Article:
After becoming interested in hydroplanes, Bell sketched out an early model of what would become known as a hydrofoil boat. Along with aviation pioneer Frederick “Casey” Baldwin, Bell began building and testing what they called the HD-4 in the laboratory at Baddeck. On the Bras d’Or lake outside Bell’s home, the boat set the world speed record of 70.86 mph on September 9, 1919. The remnants of the world’s fastest boat can still be seen at the Alexander Graham Bell Historic site and museum in Baddeck.

6. … AND HELPED OUT WITH CANADA’S FIRST CONTROLLED PLANE.

The Bras d’Or lake also saw another milestone in Canadian history, when the AEA Silver Dart, one of the earliest aircraft, made the first powered flight in Canada in February 1909. As early as 1892, Bell had been developing motor-powered aircraft, and had done extensive experiments with tetrahedron kites. Under Bell’s guidance, co-designer John McCurdy managed to fly the Silver Dart a half-mile over Nova Scotia. A few weeks later, after more tinkering in Bell’s workshops, the flight managed more than 22 miles. By the summer of 1909, the Silver Dart carried the first-ever passenger in Canadian airspace.

7. HE WAS HELPFUL TO NEIGHBORS.

Alexander Graham Bell with family and friends
Library of Congress, Wikimedia Commons // Public Domain

There is a local story told in Baddeck of how, one day soon after moving to the town, Bell was walking along the main street and saw the editor of the local newspaper having problems with his wall-mounted telephone. Bell walked in and promptly unscrewed the earpiece, revealing a trapped fly, which he blew out of it. The astonished newspaper editor asked how the stranger had known how to fix the newfangled invention, to which Bell replied, “because I am the inventor of that instrument.”

8. HE INVENTED A METAL DETECTOR TO SAVE A PRESIDENT’S LIFE.

A metal detector like the one Bell invented, on display at the Bell Historic Site in Baddeck.
Luke Spencer

The first known use of the metal detector was not for beachcombing or gold prospecting, but rather as an attempt to save the life of a U.S. President. James Garfield had been shot at the Baltimore & Potomac Railway station in July 1881 by Charles J. Guiteau. The bullet was lodged somewhere in the president’s back and couldn’t be located by the attending doctors. Alexander Graham Bell, a visitor to the stricken Garfield, quickly developed a metal detector with the purpose of finding the bullet. Inspired by French inventor Gustave Trouvé’s earlier handheld device, Bell built a device based on electromagnetics. Unfortunately, the metal springs in the mattress Garfield was lying on confused the detector—or so Bell would later claim—and the 20th president of the United States died of an infection in the wound that September.

9. YOU CAN ALSO THANK HIM FOR NATIONAL GEOGRAPHIC MAGAZINE.

The National Geographic magazine as we know it today was largely the brainchild of Alexander Graham Bell. Under his father-in-law, the exclusive society’s first president, the prestigious club house in Washington D.C. was struggling. Membership was dwindling to just under a thousand people when Bell was elected its second president. He immediately set to work to revitalize the society, and in particular its journal, which, according to Bell, “everyone put on his library shelf and few people read.”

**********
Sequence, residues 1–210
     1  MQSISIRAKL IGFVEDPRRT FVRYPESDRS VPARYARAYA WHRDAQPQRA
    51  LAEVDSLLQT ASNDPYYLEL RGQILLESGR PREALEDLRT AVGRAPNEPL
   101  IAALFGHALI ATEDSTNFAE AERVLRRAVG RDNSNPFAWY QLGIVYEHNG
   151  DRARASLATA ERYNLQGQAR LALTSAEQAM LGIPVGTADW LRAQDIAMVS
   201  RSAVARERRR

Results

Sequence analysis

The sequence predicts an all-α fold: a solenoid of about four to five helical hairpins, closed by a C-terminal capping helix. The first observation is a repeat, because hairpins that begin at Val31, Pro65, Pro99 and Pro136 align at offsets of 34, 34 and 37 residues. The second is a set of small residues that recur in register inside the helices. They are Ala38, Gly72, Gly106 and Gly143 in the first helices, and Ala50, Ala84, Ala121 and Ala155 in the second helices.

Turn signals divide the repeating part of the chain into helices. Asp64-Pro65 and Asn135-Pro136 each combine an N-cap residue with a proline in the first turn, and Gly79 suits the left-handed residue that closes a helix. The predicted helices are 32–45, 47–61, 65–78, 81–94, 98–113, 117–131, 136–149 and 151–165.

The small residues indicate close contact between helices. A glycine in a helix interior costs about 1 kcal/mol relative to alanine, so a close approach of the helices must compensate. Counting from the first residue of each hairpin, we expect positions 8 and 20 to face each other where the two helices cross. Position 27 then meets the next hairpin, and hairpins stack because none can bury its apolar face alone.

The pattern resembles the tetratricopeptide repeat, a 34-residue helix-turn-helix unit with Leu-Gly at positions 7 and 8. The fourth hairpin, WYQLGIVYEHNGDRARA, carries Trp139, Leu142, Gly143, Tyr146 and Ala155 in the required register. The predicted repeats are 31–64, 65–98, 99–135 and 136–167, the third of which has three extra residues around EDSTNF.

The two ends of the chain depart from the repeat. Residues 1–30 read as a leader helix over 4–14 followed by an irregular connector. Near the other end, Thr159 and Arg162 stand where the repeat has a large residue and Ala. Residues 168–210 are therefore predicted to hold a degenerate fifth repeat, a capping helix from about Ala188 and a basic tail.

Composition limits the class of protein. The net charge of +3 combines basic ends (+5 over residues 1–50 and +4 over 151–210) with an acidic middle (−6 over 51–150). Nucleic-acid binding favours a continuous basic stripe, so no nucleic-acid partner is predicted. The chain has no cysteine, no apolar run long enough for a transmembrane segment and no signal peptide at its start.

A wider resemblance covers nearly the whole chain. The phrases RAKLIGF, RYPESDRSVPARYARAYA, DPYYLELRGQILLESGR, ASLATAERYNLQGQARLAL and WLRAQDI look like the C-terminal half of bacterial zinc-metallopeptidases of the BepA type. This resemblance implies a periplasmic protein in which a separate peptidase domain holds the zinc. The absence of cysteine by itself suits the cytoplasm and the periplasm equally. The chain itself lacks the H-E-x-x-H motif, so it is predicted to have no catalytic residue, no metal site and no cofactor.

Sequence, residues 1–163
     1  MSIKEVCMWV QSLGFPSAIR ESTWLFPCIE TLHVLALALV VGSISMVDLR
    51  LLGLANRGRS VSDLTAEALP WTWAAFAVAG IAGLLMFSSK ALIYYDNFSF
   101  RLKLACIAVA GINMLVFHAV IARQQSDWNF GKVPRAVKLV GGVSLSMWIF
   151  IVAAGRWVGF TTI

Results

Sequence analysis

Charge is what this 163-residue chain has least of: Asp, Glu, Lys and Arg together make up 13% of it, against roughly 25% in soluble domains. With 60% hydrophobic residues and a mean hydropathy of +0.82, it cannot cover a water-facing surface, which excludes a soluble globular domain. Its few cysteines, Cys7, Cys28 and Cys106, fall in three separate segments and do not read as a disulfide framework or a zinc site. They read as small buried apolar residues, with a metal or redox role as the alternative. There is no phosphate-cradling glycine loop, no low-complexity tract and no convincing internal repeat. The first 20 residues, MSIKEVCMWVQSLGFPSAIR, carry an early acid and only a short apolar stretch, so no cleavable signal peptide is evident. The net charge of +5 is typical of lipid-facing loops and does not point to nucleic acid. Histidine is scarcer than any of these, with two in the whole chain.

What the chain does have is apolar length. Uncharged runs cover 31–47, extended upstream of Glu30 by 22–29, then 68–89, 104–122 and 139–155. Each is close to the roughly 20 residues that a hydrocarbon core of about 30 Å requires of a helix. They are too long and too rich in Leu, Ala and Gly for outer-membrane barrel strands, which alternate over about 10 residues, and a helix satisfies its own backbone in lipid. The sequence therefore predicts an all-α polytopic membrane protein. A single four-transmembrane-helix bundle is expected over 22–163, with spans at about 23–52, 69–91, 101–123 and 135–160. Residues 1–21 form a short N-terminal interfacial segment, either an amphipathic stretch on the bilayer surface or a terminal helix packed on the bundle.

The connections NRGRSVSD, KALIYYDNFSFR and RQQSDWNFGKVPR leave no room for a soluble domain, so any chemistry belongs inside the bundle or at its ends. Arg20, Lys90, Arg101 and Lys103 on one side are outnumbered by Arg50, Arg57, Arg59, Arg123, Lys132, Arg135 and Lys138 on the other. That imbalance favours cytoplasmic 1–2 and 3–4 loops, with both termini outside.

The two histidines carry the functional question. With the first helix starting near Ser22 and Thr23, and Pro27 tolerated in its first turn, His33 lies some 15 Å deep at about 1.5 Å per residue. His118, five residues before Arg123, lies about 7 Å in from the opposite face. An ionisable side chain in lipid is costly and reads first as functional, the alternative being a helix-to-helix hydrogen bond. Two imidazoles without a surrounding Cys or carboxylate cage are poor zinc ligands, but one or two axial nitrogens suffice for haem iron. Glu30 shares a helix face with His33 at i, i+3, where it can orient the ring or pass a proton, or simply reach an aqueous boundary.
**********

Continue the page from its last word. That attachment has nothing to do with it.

Bell relaunched the journal with a new slogan, “The World And All That Is In It.” He promoted illustrations and good photography, introducing “pictures of life and action … pictures that tell a story.”

10. AFTER HIS DEATH, THE PHONE COMPANIES PAID TRIBUTE.

Alexander Graham Bell died in his adopted home of Nova Scotia on August 2, 1922, with his beloved Mabel by his side. It’s a common custom to hold a minute’s silence when someone of note has passed away, but for Alexander Graham Bell, a remarkable tribute took place after his funeral. Every phone in North America was silenced for a minute in “honor of the man who had given to mankind the means for direct communication at a distance.”

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Did You Get a 'Free Cruise' Robocall? You Might Be Owed Up To $900
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Robocalls are the telecommunications plague of the 21st century. With call centers located outside of the United States, illicit telemarketers are able to pester and harass consumers without any real fear of repercussion, even if the call recipient has registered their phone number with the Do Not Call Registry. Usually, these scammers try to extract money from people who believe they owe the IRS money or via some other fiction. A recent settlement, however, has turned the tables, as Today reports.

A Chicago judge recently approved a class-action settlement involving Resort Marketing Group acting on behalf of Royal, Caribbean, and Norwegian cruise lines. The calls claiming that people were owed a “free cruise” were found to be an unauthorized use of phone numbers that Resort Marketing didn’t have permission to use, a violation of the Telephone Consumer Protection Act (TCPA).

What does that mean for you? If you’ve gotten a call with an offer involving a cruise, you’ll want to head to the suit’s landing page to see if your phone number was among those used during the marketing effort. If the site indicates it was, you can print and mail in a claim form. The suit will pay claimants $300 per call received, up to a maximum of three calls, or $900. It might be the easiest money you ever collect—and a nice bonus for putting up with the dozens of robocalls blowing up your phone. Claims will be accepted through November 3, 2017.

[h/t Today]